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PUT THE DAM COMPUTER DOWN! and go sailing. sailing is about nothing being automatic.
We were out just fun sailing with a group of my sons freinds this weekend and there was one girl that was texting the whole time until my son started to unfurl the spinnaker and the sheet lifted up off the deck and hit her cell phone, the phone, well I don't think davy jones will be using it to text much. problem solved.
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Old 06-13-2011
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Originally Posted by tomperanteau View Post
Man, you are right on target. Conceptually, when you consider the weather, there are so many variables that come together to create any one scenario, that a super computer could not take all into account. If they could, our weather casters could give us an accurate report every day.

That said, if unexpected foul weather hits, and the automated system cannot predict and compensate, your're in trouble if you don't know what to do.
Don't really agree that it can't be automated. Airplanes are much more complicated to manage, yet automation is possible.

The point is, you don't have automated passenger planes without a pilot on board. Although much safer, I wouldn't want to be on a boat, first time out, without somebody who knows what he is doing.

Idea of automation is, in my view, excellent as an aid to learning and safety. It would be damn expensive though (just check the prices of current autopilots, add sensors and controls for the halyards, outhauls, sheets, etc...)
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Given the numerous accidents with powered winches and windlass units and there need to have enough power to cause some pretty serious damage to the boat its not all that simple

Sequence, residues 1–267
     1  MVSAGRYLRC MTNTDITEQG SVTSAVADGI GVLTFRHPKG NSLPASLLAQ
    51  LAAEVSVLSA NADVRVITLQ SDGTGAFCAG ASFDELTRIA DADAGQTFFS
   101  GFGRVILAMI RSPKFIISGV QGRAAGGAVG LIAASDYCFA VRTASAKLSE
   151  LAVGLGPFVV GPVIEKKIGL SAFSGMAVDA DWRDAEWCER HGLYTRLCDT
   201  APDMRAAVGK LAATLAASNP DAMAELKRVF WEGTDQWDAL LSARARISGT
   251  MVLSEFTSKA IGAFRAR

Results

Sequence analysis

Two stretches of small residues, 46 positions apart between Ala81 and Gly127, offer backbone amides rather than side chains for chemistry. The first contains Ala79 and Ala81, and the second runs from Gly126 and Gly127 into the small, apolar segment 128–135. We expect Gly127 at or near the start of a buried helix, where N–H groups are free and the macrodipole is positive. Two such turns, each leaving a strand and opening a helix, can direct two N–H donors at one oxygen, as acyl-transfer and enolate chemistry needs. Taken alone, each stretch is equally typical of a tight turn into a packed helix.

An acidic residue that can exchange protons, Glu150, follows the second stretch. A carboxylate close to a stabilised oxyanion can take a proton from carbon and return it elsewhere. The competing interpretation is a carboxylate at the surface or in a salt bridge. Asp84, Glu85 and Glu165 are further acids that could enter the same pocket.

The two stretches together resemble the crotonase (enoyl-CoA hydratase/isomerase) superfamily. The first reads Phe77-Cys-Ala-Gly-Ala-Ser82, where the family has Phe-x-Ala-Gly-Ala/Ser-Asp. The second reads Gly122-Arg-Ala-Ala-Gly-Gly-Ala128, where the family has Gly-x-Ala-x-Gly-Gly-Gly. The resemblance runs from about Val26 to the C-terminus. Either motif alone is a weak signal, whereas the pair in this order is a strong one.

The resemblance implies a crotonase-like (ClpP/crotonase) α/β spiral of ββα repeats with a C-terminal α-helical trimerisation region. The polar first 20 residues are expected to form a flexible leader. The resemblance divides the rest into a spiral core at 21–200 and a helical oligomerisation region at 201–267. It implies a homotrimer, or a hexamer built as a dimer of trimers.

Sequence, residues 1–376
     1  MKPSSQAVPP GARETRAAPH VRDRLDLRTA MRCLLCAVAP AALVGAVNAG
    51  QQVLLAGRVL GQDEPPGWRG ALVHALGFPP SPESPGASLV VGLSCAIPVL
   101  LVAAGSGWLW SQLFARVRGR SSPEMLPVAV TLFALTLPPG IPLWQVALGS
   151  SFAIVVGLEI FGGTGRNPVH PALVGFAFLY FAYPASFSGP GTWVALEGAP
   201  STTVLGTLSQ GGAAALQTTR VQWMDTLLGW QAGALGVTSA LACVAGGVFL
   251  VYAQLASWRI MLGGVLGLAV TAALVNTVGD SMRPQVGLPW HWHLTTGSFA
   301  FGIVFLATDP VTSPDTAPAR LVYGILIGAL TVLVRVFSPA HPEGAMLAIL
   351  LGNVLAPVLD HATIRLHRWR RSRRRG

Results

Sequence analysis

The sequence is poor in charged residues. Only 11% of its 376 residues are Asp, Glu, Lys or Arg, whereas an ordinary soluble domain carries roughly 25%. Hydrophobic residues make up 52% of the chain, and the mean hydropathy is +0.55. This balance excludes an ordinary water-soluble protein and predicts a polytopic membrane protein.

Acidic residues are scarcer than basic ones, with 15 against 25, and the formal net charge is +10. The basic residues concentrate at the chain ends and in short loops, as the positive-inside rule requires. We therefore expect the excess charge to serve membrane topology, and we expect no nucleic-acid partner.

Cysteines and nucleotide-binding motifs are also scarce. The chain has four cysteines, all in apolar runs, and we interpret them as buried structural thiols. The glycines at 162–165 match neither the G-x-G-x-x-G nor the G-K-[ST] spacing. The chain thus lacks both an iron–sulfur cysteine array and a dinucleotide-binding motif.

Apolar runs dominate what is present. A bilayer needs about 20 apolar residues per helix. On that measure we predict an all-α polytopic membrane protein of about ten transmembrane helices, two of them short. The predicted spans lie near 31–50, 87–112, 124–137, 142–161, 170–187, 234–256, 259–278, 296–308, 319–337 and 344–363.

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Old 06-13-2011
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Can you think of any other areas where you automate parts of a system and thus, the system as a whole is easier to learn? For example, do you think the best way to ride a bicycle, is to first learn to ride a autopilot-driven motorcycle, and then remove the autopilot, and then add petals? My daughter is currently trying to figure out standing and walking; I doubt it would have been easier for her if I started her off on a Segway.

My thinking is that automation disconnects the learner from the system and makes the system more mysterious and harder to learn. Instead, it seems that the best way to learn a system is (1) select the system to be within the capabilities of the learner as much as possible, and (2) carefully choose the scenarios in which it's used, but otherwise immerse the learning as much as possible in the system. In other words, small boat, simple controls, cooperative weather.

With such a setup you can go from completely oblivious about sailing to having a pretty good idea what to with halyards, sheets, and the tiller, in one day. Three days and you should be comfortable sailing a small boat on your own in light winds and protected waters. Learning to sail is not actually hard.

Do you think learning on an automated boat can improve on that? Which of those components -- halyard, sheets, tiller -- do you recommend automating on a 25-foot sailboat and thus make it easier for the student to learn about the other components?

I don't think that the difficulty of helmsmanship or sail trim is the thing that makes sailing inaccessible. It's the expense and the time required. If you want to make sailing more accessible in your area, start a sail-training co-op. If you're looking for a business that you can develop and then sell, I don't think you'll find it here.

Of course there's only one way to find out for sure... far be it for me to be the nay-sayer that prevents you from trying out your business idea.
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Quote:
Originally Posted by AdamLein View Post
Can you think of any other areas where you automate parts of a system and thus, the system as a whole is easier to learn? For example, do you think the best way to ride a bicycle, is to first learn to ride a autopilot-driven motorcycle, and then remove the autopilot, and then add petals? My daughter is currently trying to figure out standing and walking; I doubt it would have been easier for her if I started her off on a Segway.